Thanks to the success of “Game of Thrones,” HBO is grabbing hold of the fantasy reins and steering the network toward another adaptation of a best-selling fantasy novel. This time, the network is developing a series based on Neil Gaiman’s best-selling novel “American Gods.” While we’re anxious to see this sci-fi-fantasy-horror blend fleshed out on screen, we have a list of other adaptations we’d like to see. Here are our top 10 fantasy novels/series we’d most like to see adapted into a television series.
1. “The Wheel of Time” series by Robert Jordan
It goes without saying that this sprawling epic tale should hold the number on slot of fantasy series we’d like to see adapted into a TV series. Robert Jordan’s “The Wheel of Time” series is one of the greatest epic fantasy series of all time, with over 50 million copies sold internationally. Considering Jordan’s in-depth storytelling that spans across 14 books and includes over 2,000 named characters, any network would have their work cut out for them to make this a digestible series.
2. “Dragonlance Chronicles” by Margaret Weis and Tracy Hickman
While the “Dragonlance Chronicles” is one the most popular shared-world concepts out there, with close to 200 novels in the franchise, the series is ripe with possibilities. We’d like to see a show that focuses on the Chronicles trilogy so we can see the world of Krynn come to life. Oh, and dragons. We want to see lots of dragons.
3. “The Elenium” series by David Edding
With just three novels in the series, it wouldn’t be too difficult for a network to adapt these books into a worthwhile television series. Filled with splendidly flawed characters, this modern fantasy has enough substance to create an immersive world filled with plenty of swords, thieves, and hypnotically beautiful queens.
4. “Farseer Trilogy” by Robin Hobb
This emotionally rich trilogy would make an excellent television series that’s packed with a carefully constructed plot, realistic dialogue, and a fresh take on the fantasy genre that doesn’t leave you feeling like you already know the story. What we find so compelling about this story is Hobb’s ability to break free from many of the clichés crowding this genre.
5. “The Saga of Recluce” by L.E. Modesitt Jr.
While “The Saga of Recluce” follows familiar ground as a coming-of-age good vs. evil fantasy, the treatment of magic feels fresh and the characters are entertaining. The best part about this book being adapted into a series would be our ability to enjoy the story without drowning in the author’s tick of using an ocean of ellipses.
6. “Dark Elf Trilogy” by R.A. Salvatore
We would love to see the dark and mythical world of Menzobarranzen light up our television screens. Don’t let the title fool you. There’s more to this story than dark elves. Filled with various creatures and races, this high-fantasy series delivers non-stop action and satisfying message that would easily translate to visual media.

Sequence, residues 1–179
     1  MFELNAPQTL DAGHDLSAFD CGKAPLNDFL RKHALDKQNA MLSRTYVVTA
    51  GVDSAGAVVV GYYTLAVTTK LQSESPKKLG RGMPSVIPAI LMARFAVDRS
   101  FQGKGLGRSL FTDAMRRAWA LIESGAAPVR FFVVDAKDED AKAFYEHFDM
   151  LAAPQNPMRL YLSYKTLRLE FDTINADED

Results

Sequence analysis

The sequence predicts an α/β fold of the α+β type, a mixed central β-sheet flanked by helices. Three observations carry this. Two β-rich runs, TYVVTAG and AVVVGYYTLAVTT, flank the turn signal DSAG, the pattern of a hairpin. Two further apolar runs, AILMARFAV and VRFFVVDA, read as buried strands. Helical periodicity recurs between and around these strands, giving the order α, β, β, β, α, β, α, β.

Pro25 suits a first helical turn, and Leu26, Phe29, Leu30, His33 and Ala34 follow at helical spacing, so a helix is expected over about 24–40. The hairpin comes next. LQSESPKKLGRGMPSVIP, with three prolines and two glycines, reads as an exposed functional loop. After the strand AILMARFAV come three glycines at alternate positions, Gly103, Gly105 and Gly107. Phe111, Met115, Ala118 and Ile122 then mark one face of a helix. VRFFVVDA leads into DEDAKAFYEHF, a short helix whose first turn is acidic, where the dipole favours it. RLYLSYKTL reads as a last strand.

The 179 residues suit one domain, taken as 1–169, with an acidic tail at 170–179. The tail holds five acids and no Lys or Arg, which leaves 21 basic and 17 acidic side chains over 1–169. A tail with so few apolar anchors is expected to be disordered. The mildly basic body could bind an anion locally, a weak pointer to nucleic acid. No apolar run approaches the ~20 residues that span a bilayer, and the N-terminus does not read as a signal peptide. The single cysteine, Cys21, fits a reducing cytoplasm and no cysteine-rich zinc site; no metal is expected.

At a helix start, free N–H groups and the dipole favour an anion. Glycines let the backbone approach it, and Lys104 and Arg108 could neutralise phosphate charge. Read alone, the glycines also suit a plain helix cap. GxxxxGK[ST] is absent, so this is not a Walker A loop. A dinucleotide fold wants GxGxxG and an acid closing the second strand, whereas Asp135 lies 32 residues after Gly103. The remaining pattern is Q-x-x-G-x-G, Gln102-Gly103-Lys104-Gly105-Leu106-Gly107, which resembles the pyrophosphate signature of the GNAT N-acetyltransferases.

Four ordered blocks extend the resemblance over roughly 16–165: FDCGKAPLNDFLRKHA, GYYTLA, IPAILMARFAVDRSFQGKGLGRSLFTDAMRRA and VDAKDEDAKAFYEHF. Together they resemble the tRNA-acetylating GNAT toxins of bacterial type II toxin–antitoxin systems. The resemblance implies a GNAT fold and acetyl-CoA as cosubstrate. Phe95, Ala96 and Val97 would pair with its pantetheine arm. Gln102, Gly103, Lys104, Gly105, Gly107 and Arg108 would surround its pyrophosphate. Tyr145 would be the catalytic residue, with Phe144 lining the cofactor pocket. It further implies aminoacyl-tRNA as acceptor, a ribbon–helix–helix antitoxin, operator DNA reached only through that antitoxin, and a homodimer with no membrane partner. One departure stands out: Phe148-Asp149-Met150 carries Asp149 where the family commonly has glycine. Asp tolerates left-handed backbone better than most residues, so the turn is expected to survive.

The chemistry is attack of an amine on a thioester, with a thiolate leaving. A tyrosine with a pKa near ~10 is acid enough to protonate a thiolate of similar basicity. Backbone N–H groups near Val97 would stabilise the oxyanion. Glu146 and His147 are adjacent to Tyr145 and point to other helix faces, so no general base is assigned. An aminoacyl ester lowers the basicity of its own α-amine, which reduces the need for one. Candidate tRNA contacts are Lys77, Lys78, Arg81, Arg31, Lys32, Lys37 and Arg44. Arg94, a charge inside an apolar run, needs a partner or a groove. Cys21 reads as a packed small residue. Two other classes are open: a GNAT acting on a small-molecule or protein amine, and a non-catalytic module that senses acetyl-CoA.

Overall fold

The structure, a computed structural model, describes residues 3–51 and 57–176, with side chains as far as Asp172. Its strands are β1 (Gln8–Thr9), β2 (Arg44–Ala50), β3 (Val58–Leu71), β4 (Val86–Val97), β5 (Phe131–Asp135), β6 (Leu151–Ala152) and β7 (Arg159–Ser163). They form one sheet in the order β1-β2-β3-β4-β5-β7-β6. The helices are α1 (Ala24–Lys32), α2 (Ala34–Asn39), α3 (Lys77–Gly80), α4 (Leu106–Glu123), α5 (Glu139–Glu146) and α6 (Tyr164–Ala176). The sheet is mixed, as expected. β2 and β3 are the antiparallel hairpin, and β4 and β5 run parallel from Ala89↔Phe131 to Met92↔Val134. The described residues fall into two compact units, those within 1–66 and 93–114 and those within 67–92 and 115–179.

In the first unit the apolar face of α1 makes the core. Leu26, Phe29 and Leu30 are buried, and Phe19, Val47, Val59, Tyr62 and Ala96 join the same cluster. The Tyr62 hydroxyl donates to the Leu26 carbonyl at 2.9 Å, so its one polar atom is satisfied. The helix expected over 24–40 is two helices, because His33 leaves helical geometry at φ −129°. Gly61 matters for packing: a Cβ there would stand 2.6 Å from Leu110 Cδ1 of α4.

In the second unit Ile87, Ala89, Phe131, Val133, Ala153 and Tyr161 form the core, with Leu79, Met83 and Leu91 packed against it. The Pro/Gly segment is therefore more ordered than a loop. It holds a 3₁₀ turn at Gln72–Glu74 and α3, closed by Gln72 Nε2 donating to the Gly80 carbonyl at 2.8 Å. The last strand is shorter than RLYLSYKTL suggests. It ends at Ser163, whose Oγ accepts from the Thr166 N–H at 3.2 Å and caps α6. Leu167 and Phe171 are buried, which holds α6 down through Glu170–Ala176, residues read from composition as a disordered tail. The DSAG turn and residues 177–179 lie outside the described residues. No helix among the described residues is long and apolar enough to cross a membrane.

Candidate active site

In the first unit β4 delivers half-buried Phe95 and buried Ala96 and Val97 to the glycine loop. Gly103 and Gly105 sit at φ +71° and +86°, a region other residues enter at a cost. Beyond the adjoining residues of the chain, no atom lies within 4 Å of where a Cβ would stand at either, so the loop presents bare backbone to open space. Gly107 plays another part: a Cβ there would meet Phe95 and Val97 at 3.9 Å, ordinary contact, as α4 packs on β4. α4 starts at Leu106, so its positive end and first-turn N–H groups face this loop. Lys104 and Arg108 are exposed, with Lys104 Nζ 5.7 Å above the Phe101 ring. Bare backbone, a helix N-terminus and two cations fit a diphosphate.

7. “The Dark Tower” series by Stephen King
It’s Stephen King… What more do we need to say? Our favorite story-teller brings a macabre world to life while creating a powerful protagonist, The Gunslinger, to ground us. The various themes contained in this series – horror, sci-fi, fantasy and western – are what captivate us the most about seeing this novel realized on the small screen. Who wouldn’t want to see a fantasy series that draws upon Arthurian Legend, “The Lord of the Rings,” and “The Good, the Bad and the Ugly” as inspiration?
8. “Artemis Fowl” by Eoin Colfer
While “Artemis Fowl” may not be as mature as “A Song of Ice and Fire,” it is an insanely witty and entertaining series filled with ridiculously awesome plots and a great deal more sophistication than the Potter franchise. Although we would like to see Artemis on the big screen, with the right studio and a large budget, it would fare well as a series.
9. “Chronicles of Amber” by Roger Zelazny
Focusing on the relationship between two dimensions, the ill-fated souls who meddle with magic and are transported to new and frightening planes of existence, and the gifted few who can travel between dimensions, this series is chocked-full with material that spans across decades of time. While this series could easily become the poster child for a campy Syfy channel specials, in the right hands “Chronicles of Amber” would be a fascinatingly entertaining series.
10. “The Riftwar Saga” by Raymond E. Feist
This series is the quintessential fantasy tale complete with ancient magic, good vs. evil, bickering kingdoms, fatal beauties, deception, and war. The central character, Pug, is an orphan who starts out as a magician’s apprentice and later changes the fate of two worlds. What would make this adaptation so successful is the compelling characters, including elves, dwarves, and dragons, of course.
Tell us what you think. What other series would you like to see adapted into a television series?